Relying on United States v. Beene, 818 F.3d 157 (5th Cir. 2016) (posted here), defendant’s car parked on the driveway in front of his home was subject to a dog sniff as if it was on the street. Because of the positive alert, a seizure and impoundment of the car was thus reasonable. United States v. Moody, 2017 U.S. Dist. LEXIS 81633 (W.D. Mo. March 20, 2017), adopted, 2017 U.S. Dist. LEXIS 81037 (W.D. Mo., May 26, 2017):
In analyzing the Dunn factors, the Court finds that the only factor weighing in favor of finding the front lawn to be within the curtilage is its proximity to the house. On the other hand, however, the front lawn was open to the street and was not obstructed by a fence or other barrier. Moreover, Moody did not take any steps to protect his privacy with respect to the front lawn whether by fencing or by signage. Finally, no evidence suggests that the front lawn was used for “intimate activities of the home.” An instructive recent case is United States v. Beene, 818 F.3d 157 (5th Cir. 2016).
In Beene, the court determined that a defendant’s driveway was not part of the home’s curtilage, so using a drug-sniffing dog in the vicinity of a vehicle parked in the driveway did not qualify as a search. Id. at 162. The court observed that the driveway was open to the street, nothing obstructed access to it, and the defendant had not taken any steps to protect it. Id. Thus, the driveway was considered an “open field” and not protected under the Fourth Amendment.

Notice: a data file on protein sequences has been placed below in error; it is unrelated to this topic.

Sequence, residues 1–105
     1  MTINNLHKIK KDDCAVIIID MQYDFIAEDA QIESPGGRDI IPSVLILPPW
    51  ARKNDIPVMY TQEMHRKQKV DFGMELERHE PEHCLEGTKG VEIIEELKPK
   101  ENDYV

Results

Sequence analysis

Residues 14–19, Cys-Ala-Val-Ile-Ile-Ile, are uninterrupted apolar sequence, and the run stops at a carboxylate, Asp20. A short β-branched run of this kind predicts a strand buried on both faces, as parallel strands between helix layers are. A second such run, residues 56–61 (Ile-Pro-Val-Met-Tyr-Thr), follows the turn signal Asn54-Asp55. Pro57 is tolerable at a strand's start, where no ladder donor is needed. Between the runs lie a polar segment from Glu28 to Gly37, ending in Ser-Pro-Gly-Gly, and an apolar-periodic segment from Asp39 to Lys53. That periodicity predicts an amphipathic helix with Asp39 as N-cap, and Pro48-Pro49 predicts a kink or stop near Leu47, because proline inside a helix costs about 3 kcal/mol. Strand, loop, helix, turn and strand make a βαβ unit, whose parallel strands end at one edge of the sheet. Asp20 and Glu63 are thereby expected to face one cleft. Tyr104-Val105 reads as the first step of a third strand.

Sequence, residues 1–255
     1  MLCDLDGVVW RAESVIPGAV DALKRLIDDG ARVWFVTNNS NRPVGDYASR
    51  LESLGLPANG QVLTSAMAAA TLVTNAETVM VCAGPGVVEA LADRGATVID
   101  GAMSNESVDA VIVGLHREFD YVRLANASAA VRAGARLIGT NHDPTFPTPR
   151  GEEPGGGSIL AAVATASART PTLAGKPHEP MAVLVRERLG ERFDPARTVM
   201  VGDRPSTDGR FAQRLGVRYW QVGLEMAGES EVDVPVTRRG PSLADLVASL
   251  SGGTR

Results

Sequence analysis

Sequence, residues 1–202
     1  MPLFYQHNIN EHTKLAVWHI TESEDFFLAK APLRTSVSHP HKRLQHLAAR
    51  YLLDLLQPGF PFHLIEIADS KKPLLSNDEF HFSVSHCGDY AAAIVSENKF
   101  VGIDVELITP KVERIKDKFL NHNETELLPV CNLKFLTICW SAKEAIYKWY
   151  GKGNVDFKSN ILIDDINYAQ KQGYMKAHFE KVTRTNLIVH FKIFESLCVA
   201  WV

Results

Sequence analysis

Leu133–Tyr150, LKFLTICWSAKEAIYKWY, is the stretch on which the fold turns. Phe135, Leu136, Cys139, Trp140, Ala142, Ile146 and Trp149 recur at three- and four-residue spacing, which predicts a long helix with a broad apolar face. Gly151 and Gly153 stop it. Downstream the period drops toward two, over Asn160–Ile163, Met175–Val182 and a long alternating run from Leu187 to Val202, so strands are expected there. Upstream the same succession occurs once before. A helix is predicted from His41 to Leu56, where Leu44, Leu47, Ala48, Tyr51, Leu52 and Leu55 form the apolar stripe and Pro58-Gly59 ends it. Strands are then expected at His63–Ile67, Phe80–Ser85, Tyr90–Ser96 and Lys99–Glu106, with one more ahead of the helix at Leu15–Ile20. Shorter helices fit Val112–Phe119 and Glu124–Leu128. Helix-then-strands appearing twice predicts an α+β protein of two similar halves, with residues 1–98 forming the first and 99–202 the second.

Similarly, in this case, the Court concludes that the Altima was not parked within an area that constituted curtilage. As such the drug sniff performed by Diogi was not a search about which Moody can complain. Further, Diogi’s positive alert on the Altima provided Det. Ervin with probable cause to perform a warrantless search of the vehicle – a search that uncovered contraband without any constitutional infirmity.